For the purposes of the Statute and the Rules of Procedure and Evidence:
a) “Victims” means natural persons who have suffered harm as a result of the commission of any crime within the jurisdiction of the Court;
b) Victims may include organizations or institutions that have sustained direct harm to any of their property which is dedicated to religion, education, art or science or charitable purposes and to their historic monuments, hospitals and other places and objects for humanitarian purposes.
In setting forth a general framework for integrating victims into the adjudicatory process, the Trial Chamber had taken an expansive approach when it determined natural persons could constitute victims before the ICC if they experienced either “direct” or “indirect” harm as a result of the commission of crimes within the subject matter and temporal jurisdiction of the ICC (but not necessarily crimes contained in the pending charges). It reached this conclusion through an exercise of statutory construction that included comparing sub-sections (a) and (b) of Article 85, only the latter of which specifically mentions “direct harm” with respect to victims who are legal, as opposed to natural, persons. As a limiting principle, the Trial Chamber argued that victims are entitled to participate under Article 68(3) only when their “interests … are affected,” which—it presumed—would not be the case where the harm alleged did not relate somehow to the charged crimes.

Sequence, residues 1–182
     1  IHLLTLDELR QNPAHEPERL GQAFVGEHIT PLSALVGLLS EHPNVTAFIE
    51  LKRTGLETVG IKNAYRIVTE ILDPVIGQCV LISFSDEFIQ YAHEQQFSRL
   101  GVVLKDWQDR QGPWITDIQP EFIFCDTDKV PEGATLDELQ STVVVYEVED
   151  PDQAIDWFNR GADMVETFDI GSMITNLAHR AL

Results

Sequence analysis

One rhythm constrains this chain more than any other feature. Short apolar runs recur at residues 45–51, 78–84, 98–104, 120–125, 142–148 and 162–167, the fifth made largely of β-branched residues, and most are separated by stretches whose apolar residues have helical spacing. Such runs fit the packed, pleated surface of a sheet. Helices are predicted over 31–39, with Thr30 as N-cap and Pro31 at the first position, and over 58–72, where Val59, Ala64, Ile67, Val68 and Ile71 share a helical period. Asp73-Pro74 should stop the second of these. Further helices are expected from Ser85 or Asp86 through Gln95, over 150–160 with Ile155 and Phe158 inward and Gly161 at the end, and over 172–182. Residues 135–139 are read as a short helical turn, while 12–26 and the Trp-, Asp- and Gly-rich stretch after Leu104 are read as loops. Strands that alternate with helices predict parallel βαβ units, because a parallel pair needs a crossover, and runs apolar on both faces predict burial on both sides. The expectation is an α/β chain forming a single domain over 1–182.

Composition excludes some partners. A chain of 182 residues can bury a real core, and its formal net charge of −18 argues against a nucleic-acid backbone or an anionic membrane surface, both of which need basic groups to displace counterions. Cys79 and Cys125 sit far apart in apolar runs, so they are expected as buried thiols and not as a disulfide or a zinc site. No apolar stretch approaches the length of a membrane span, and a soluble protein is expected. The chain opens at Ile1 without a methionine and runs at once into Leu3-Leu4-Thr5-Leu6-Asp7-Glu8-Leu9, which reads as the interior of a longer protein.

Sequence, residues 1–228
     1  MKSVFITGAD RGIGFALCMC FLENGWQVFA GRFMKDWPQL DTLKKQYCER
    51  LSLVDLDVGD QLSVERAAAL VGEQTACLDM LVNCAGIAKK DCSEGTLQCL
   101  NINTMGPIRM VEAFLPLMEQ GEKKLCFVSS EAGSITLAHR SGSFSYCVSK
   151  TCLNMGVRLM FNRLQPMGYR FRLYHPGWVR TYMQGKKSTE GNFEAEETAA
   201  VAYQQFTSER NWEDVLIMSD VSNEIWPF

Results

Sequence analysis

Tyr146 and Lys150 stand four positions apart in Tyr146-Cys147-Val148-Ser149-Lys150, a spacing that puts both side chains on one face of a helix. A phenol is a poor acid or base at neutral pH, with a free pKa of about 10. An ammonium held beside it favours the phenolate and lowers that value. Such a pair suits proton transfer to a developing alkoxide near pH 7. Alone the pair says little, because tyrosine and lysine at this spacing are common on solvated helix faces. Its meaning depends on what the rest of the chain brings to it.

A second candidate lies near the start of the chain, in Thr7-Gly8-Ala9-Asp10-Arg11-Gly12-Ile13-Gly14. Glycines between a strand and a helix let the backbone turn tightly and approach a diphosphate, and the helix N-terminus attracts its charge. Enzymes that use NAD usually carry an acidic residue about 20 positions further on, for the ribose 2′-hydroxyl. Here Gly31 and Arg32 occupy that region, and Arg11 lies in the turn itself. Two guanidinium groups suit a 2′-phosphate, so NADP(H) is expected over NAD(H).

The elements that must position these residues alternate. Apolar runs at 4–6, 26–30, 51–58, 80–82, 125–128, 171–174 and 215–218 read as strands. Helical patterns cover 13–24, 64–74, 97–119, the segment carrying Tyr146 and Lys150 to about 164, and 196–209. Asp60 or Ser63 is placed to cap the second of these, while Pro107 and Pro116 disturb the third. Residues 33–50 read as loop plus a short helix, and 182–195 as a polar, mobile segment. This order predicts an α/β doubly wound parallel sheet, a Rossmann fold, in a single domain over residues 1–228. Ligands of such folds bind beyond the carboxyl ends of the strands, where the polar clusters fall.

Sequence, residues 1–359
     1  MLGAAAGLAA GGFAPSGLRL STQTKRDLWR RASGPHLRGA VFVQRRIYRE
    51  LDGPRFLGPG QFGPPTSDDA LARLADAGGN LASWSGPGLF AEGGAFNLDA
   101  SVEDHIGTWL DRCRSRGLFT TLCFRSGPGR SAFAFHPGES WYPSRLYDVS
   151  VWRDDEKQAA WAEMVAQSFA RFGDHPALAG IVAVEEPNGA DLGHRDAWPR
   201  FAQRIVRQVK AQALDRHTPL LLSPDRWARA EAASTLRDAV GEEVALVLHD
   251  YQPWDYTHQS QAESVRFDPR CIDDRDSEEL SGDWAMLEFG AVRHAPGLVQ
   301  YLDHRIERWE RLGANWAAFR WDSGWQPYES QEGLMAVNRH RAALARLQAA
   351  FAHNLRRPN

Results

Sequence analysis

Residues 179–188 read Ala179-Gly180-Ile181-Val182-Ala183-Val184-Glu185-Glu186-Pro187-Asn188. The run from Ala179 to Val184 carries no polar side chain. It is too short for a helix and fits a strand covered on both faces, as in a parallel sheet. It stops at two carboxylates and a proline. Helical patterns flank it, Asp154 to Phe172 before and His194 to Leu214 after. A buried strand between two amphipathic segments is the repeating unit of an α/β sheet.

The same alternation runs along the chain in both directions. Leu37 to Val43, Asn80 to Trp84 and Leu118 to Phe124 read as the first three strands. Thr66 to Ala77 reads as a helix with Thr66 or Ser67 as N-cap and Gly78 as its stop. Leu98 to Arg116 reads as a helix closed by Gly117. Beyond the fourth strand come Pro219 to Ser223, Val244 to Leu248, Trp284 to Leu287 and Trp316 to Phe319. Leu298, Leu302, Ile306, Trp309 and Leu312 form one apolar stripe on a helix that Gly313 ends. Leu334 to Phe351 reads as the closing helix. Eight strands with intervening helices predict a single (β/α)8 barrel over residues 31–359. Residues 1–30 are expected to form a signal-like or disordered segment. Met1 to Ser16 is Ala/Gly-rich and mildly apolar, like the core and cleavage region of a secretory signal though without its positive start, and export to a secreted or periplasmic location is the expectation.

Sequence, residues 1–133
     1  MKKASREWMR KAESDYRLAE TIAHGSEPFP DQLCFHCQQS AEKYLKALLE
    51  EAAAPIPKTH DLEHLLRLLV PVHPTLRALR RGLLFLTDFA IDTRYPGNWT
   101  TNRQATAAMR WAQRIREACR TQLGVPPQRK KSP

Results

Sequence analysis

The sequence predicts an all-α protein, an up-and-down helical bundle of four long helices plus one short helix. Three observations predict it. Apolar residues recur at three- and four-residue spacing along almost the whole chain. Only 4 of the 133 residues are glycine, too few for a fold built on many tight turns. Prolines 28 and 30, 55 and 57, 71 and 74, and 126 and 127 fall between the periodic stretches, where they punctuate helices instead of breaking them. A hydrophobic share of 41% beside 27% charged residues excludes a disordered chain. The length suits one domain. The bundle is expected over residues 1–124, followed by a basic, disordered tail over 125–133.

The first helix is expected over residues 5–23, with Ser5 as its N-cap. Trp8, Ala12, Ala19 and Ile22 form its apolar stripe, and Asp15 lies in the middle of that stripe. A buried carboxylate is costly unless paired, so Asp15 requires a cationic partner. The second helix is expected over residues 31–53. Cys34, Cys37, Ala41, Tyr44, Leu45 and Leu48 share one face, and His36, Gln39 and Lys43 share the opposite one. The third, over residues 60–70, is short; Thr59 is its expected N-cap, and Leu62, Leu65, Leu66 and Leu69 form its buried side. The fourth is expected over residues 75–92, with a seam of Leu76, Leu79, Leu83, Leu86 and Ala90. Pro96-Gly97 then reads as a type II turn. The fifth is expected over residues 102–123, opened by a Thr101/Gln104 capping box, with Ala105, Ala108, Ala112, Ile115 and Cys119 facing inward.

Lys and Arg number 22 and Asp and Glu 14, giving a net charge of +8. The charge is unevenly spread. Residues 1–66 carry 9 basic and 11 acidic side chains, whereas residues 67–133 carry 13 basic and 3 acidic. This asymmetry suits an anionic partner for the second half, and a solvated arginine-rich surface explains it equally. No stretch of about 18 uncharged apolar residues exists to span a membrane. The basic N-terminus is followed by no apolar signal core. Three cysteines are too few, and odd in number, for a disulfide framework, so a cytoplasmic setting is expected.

In so ruling, the Trial Chamber invoked the Declaration of Basic Principles of Justice for Victims of Crime and Abuse of Power, adopted by the U.N. General Assembly in Resolution 40/34 in November 29, 1985. In particular, Principle 8 states that